Tuesday, February 15, 2005


Thomas Sowell on Freedom of Speech

Too many people -- some of them judges -- seem to think that freedom of speech means freedom from consequences for what you have said. If you believe that, try insulting your boss when you go to work tomorrow. Better yet, try insulting your spouse before going to bed tonight.

While this column is protected by freedom of speech, that does not stop any editor from getting rid of it if he doesn't like what I say. But, even if every editor across the length and breadth of the country refused to carry this column, that would be no violation of my freedom of speech.

Freedom of speech does not imply a right to an audience. Otherwise the audience would have no right to its own freedom. Editors, movie producers, speakers' bureaus and other intermediaries have every right to decide what they will and will not present to their audiences.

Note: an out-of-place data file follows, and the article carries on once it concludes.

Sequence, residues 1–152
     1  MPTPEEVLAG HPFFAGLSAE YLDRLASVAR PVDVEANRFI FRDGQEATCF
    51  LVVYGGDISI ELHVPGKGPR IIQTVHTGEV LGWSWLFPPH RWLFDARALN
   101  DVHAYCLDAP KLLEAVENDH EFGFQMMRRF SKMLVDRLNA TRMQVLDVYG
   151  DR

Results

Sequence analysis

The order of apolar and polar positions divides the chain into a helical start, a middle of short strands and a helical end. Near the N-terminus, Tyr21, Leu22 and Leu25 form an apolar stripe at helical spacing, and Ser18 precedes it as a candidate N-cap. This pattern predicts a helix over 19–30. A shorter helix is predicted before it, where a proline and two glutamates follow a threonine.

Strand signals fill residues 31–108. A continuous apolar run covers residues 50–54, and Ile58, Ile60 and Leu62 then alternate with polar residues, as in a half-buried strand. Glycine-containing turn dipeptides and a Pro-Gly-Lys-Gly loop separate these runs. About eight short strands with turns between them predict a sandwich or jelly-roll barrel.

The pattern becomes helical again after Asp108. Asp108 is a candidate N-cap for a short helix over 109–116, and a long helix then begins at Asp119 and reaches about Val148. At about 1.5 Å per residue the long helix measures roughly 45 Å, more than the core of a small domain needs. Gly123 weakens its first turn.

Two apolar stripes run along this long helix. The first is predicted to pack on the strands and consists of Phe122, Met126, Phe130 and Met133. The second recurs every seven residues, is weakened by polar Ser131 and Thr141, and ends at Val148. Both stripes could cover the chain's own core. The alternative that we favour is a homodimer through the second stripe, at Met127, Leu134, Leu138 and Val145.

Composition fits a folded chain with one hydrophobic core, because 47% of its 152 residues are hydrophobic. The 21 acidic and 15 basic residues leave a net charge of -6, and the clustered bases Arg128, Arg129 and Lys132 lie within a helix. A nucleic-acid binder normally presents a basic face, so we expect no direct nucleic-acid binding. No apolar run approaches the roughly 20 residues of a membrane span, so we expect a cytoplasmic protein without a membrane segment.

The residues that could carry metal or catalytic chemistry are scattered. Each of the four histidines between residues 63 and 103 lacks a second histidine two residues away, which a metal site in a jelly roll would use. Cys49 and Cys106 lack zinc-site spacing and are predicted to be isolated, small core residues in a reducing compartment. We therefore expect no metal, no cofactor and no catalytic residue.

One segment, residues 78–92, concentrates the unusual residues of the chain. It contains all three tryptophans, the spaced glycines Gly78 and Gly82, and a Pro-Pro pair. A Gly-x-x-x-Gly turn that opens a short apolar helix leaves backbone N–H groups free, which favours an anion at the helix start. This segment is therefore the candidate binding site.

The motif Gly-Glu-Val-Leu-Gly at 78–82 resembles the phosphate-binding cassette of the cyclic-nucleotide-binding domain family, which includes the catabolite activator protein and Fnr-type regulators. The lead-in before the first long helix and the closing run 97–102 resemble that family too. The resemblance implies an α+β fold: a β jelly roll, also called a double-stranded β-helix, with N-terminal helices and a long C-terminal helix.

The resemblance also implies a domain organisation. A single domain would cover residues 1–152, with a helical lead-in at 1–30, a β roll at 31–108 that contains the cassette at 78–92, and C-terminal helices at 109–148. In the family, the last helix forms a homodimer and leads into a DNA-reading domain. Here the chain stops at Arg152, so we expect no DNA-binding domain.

Unfortunately, many of those who talk the loudest and longest about "freedom of speech" and "academic freedom" are in fact trying to justify the imposition of propaganda on a captive audience in our schools and colleges.

At one college, some gutsy students start chanting "OT" -- for "off topic" -- when one of their professors starts making political comments that have nothing to do with the subject of his course.

Source: Townhall

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